The Legislative Building might be quiet as a tomb, but state and federal agencies are crafting critical environmental policies that will affect North Carolina’s air, water and endangered species.
Tuesday, July 10: Already on the brink of extinction in the wild, the 40 or so endangered red wolves have a dim future in eastern North Carolina. Federal wildlife officials want to allow people to kill them outside of government lands in Dare County, a proposal that runs counter to the US Fish and Wildlife Service’s mission of keeping species from being snubbed out.
USFWS would reduce the existing red wolf recovery area from six counties to just one. Wolves who wander outside “protected” territory, which includes the Dare Bombing Range, can be killed without a federal permit. This habitat can support no more than 15 wolves, and any ahem, “extraneous” animals could be removed from the wild and shipped off to zoos and nature centers, where they’ll spend the rest of their lives essentially on house arrest.
USFWS is hosting a public meeting on its proposal from 5:30 to 6:30 p.m., with a public hearing to follow at 7 p.m. at Roanoke Festival Park in Manteo.
Duke Energy wants to build a fly ash processing facility at its HF Lee plant in Goldsboro, which could convert up to 300,000 tons of coal ash or reuse in cement, annually. There are two other such projects in North Carolina at the utility’s Buck and Cape Fear plants, built under the 2016 coal ash management law. That law requires Duke Energy to identify three of it ash impoundments within North Carolina where the waste can be processed for beneficial use. While that helps draw down the ash stored in impoundments, a critical source of groundwater pollution, these operations can still emit pollutants such as lead, sulfur dioxide, particulate matter.
A public hearing on the proposed project is slated for 7 p.m. at Wayne Community College, Moffatt Auditorium, 3000 Wayne Memorial Drive, in Goldsboro. Interested parties may submit written or oral comments during the public hearing. The public comment period remains open until July 13; you can also send comments via email to DEQ.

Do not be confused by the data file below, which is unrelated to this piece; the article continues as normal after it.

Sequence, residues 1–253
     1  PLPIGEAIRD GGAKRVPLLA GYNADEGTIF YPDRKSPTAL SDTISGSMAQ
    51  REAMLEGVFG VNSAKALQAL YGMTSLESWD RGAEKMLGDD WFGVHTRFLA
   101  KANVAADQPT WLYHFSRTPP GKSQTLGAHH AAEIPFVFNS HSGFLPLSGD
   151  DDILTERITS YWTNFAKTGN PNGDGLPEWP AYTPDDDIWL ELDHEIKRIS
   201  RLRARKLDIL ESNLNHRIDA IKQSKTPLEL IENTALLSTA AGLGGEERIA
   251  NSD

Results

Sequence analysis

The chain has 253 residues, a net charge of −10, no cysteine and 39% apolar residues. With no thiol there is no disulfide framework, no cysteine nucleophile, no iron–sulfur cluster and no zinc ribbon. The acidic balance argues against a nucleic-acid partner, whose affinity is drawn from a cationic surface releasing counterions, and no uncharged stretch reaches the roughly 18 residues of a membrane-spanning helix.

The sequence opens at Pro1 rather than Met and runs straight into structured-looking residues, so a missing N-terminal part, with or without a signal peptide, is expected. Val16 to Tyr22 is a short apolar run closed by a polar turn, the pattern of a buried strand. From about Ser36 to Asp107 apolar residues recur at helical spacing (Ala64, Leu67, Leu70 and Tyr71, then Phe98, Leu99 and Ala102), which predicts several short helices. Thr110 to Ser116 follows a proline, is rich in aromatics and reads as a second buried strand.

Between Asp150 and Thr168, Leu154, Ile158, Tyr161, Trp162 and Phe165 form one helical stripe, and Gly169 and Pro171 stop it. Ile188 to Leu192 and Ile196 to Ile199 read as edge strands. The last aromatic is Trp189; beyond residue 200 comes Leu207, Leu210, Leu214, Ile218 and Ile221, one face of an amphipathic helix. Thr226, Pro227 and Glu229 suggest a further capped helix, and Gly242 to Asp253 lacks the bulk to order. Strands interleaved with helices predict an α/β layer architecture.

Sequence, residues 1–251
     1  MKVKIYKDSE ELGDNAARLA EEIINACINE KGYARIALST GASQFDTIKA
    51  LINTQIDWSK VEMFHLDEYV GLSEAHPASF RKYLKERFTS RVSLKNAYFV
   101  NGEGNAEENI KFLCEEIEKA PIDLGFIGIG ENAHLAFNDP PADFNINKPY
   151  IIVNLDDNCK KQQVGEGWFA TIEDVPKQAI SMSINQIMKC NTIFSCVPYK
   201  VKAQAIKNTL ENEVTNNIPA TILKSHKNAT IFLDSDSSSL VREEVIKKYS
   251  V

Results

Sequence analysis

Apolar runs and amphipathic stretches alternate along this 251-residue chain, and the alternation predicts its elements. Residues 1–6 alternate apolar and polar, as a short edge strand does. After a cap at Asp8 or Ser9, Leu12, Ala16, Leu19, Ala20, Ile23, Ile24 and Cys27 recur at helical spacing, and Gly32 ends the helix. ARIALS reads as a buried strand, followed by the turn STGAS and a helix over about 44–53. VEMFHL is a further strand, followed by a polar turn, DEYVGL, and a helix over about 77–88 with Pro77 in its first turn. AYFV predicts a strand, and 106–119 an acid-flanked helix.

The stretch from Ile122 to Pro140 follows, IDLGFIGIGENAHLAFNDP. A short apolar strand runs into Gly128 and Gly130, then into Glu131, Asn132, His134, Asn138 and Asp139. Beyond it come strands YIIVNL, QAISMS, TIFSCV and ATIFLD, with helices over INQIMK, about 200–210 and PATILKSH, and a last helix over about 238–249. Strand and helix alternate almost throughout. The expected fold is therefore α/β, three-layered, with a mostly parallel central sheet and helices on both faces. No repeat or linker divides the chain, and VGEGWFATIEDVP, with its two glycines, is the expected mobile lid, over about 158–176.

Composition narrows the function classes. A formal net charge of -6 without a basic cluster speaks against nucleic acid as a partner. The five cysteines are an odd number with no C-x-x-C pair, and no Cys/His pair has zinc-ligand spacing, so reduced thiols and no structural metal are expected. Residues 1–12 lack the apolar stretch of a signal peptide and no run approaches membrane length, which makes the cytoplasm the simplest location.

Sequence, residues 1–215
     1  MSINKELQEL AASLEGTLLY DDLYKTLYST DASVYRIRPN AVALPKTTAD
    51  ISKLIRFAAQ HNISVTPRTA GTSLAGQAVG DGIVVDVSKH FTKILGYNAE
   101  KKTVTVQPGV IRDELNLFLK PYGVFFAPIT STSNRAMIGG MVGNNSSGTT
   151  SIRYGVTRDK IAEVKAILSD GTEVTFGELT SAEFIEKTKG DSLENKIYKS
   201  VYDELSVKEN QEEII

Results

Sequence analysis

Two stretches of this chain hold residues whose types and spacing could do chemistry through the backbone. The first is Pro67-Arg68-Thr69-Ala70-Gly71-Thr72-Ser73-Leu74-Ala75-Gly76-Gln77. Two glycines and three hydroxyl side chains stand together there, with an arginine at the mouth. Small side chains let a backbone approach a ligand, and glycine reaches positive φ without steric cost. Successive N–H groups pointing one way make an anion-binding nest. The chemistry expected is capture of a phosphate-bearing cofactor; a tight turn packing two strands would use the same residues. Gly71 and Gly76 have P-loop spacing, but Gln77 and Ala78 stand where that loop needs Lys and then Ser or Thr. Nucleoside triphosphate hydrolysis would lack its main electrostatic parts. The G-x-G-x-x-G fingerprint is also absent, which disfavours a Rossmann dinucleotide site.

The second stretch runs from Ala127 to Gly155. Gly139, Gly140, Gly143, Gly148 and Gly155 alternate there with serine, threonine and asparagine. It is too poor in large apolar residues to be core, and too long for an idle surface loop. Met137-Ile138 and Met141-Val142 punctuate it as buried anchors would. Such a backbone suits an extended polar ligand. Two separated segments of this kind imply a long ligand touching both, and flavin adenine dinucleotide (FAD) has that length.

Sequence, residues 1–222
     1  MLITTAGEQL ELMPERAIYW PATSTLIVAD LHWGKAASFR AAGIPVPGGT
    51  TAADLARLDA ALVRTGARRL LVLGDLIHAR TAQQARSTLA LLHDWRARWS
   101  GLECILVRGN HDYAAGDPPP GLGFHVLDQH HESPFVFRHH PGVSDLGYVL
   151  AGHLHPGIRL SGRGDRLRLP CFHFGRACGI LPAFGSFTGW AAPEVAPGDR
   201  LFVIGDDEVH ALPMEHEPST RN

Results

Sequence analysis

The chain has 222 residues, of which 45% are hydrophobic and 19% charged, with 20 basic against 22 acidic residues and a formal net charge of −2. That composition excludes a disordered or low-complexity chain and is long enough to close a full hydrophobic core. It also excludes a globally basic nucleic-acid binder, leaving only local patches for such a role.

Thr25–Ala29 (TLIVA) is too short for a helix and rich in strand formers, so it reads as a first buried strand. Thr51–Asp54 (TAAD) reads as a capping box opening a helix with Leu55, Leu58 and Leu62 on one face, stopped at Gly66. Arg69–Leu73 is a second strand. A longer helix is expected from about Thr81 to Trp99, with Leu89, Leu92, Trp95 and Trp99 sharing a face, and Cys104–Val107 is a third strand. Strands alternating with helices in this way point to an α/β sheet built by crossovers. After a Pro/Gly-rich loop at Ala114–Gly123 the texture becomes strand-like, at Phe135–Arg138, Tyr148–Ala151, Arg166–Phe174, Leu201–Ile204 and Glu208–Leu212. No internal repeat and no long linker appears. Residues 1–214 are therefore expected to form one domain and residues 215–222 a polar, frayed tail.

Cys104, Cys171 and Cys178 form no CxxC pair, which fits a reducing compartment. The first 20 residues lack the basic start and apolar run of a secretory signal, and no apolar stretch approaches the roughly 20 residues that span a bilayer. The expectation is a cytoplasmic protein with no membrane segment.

Jury selection begins for the third hog nuisance trial in US District Court in Raleigh. This case is out of Pender County, where neighbors of Greenwood Farms, a 10,000-hog operation, are suing Murphy-Brown, the world’s largest pork producer. Murphy-Brown lost its first two cases, in Bladen and Duplin counties, respectively. The NC Farm Act, passed by legislators last month, ensures that these lawsuits against livestock or forestry operators will be the last of their kind, unless someone challenges the statute on constitutional grounds.
Wednesday, July 11: Communities of color and low-income neighborhoods are often burdened with the environmental fallout from natural gas pipelines, Superfund sites, polluting industries or enormous hog operations. Yet these issues are often given short shrift by government agencies like the Federal Energy Regulatory Commission, which all but ignored environmental justice concerns in its approval of the Atlantic Coast Pipeline. In May, DEQ Secretary Michael Regan and Gov. Roy Cooper announced their appointments to state’s first Environmental Justice and Equity Advisory Board. The group holds its inaugural meeting in Hollister in Halifax County, at the Haliwa-Saponi Tribal Government Complex, 39021 Hwy 561 from 1 to 5 p.m.
Today is the last day to comment on DEQ’s proposed court order against Chemours over its discharge and emissions of GenX and similar compounds. In June, DEQ filed paperwork in Bladen County Superior Court, asking a judge to impose several environmental requirements on the company: Read more